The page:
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Rhythm and Syntax Processing in School-Age Children

A wooden metronome in motion against a dark background.

Developmental Psychology

Yune S. Lee, Sanghoon Ahn, Rachael Frush Holt and E. Glenn Schellenberg

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Although the link between musical rhythm and speech has been well established, it is less obvious whether a similar association exists between music and language. To determine the degree of neural overlap between music and language, a recent meta-analysis on existing neuroimaging data was performed – highlighting the involvement of the frontotemporal sensorimotor network. More recently, a direct link between rhythm and grammar processing has been observed within the same individuals: For example, it was found that typically developing children (N=134 in total) with good rhythm skills understood grammatically complex sentences better than children with poor rhythm skills, even after controlling for working memory and other demographic variables.

Figure 3 displays the results of the second experiment in this study which demonstrate that the performance on the test of working memory (A) which shows a main effect of syntax, specifically with higher accuracy for subject-relative than for object-relative sentences. There was additionally a main effect of syntax on response time (B) with faster response for subject-relative than for object-relative sentences. (C) Displays that performance on the rhythm test was significantly better for 8 sounds than 7. Finally, (D) shows that response times were faster for the 8 sound rhythms than the 7.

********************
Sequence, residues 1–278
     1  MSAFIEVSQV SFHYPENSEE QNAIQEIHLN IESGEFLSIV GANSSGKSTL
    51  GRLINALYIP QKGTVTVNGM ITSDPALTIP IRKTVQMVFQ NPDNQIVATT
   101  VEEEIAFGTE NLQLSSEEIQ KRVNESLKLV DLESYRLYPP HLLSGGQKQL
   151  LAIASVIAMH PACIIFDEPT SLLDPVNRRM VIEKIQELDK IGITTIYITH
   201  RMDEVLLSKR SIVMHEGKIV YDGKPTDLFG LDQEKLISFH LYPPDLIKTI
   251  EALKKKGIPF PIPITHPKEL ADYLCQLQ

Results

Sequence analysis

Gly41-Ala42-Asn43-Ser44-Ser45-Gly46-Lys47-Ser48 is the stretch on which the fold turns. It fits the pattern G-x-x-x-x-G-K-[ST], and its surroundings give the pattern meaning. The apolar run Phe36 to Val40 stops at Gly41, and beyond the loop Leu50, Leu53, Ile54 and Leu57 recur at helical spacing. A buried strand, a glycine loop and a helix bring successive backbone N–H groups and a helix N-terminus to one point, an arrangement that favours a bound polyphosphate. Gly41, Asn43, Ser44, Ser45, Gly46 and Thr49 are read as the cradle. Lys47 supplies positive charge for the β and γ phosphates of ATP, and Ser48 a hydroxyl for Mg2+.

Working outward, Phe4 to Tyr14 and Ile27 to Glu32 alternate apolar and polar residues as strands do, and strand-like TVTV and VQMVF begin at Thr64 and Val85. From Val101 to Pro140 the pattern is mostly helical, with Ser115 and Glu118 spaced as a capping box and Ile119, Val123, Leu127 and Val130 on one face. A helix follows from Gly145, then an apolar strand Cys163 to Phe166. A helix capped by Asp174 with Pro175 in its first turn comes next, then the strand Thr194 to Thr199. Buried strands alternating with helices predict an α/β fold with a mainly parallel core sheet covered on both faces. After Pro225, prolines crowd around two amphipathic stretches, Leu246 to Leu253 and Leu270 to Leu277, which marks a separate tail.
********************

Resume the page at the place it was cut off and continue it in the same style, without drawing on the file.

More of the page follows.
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Yune S. Lee, PhD

Assistant Professor, School of Behavioral and Brain Sciences Director of Speech, Language, and Music (SLAM) Laboratory

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